Imagine this scenario: You are a car salesperson, and you’ve been working with a couple looking to buy a new vehicle. You’ve greeted them and established a great rapport. They’re excited to drive home in something new that day, and you’re excited to make the sale. You’ve worked with them and narrowed down their options to one vehicle — their future vehicle. The time has come to do the paperwork and complete the deal….
…and, without another word, you walk away.
The couple, still eager to close the deal, is confused. They have no idea what the next step should be. They wait for you, but you don’t come back. Angry and confused, they leave.
This might sound ridiculous in this particular situation, but many dealerships and companies do that exact thing when it comes to marketing. The importance of the call to action — the suggested next step — cannot be overestimated. It doesn’t matter if you’re using traditional marketing, digital marketing, a combination or are just having a face-to-face conversation with someone. If you would like that person to take another step after you’ve finished your presentation, the odds of them doing so increase dramatically if you suggest what that next step should be.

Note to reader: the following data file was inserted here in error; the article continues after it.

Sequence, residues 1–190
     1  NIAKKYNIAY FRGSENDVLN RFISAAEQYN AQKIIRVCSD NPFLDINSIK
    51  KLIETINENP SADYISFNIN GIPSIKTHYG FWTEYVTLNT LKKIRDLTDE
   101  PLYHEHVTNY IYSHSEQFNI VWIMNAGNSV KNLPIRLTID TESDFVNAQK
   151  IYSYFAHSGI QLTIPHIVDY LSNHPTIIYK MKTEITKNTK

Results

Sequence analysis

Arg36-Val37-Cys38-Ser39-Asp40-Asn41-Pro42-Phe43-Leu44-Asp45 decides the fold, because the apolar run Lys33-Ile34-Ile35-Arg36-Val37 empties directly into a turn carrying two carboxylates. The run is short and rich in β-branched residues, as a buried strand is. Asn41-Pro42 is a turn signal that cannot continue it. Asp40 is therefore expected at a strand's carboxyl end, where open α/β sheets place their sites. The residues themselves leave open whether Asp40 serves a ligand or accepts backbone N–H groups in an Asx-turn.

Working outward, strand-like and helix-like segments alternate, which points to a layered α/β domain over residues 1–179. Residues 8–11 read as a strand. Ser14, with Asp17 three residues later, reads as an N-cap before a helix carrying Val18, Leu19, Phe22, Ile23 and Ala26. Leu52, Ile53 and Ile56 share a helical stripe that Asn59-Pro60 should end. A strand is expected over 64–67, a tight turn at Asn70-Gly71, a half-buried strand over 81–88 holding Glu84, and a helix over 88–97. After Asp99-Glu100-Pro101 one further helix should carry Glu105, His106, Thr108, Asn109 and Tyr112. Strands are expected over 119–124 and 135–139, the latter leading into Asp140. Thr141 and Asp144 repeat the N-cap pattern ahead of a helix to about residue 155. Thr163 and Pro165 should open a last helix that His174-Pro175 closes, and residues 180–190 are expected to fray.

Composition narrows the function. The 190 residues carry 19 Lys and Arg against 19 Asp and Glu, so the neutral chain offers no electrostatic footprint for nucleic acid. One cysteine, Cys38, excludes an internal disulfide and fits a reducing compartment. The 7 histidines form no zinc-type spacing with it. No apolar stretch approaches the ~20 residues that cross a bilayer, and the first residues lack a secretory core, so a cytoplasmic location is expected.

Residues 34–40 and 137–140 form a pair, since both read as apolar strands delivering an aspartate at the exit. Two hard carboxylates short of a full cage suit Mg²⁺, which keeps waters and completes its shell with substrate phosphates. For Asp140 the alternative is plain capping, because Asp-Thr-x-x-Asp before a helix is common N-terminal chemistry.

It doesn’t take much. Give them a phone number to call, a Website to go to with more information, an email address to get a personal response… whatever makes it easier for them to continue the process with you. Make it compelling — give them something of value, if only more information — and you’ll increase your chances of opening the lines of communication.
It’s easy to get bogged down in the details of what kind of call to action works best, and there are plenty of companies available to assist you in determining what will work best in your market for your situation. Just don’t lose sight of the fact that you need something in every communication you have with a customer.
Think of how you would speak with a friend. It’s the difference between saying, “We should have dinner sometime” and, “Let’s meet for dinner at Georgio’s next Thursday at 7.” One is a notion while the other is a plan.
You’ve worked on your message, you’ve paid to have that message delivered and the consumer has spent their time taking it in. To make that effort pay off, to move that discussion forward, clue them in on the next step and be there when they show up.